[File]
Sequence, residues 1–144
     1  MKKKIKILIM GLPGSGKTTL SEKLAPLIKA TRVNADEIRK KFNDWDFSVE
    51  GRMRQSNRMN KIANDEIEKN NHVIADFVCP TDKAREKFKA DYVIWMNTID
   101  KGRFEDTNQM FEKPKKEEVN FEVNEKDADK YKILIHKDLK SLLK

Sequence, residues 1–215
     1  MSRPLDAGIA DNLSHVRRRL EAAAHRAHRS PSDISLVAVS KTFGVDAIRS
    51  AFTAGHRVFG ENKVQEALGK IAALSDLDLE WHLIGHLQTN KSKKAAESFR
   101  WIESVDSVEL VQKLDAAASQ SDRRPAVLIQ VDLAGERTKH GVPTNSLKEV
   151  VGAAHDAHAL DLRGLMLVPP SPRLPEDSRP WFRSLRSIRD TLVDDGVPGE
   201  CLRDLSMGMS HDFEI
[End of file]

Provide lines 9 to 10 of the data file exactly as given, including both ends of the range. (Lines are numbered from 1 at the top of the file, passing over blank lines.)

   151  VGAAHDAHAL DLRGLMLVPP SPRLPEDSRP WFRSLRSIRD TLVDDGVPGE
   201  CLRDLSMGMS HDFEI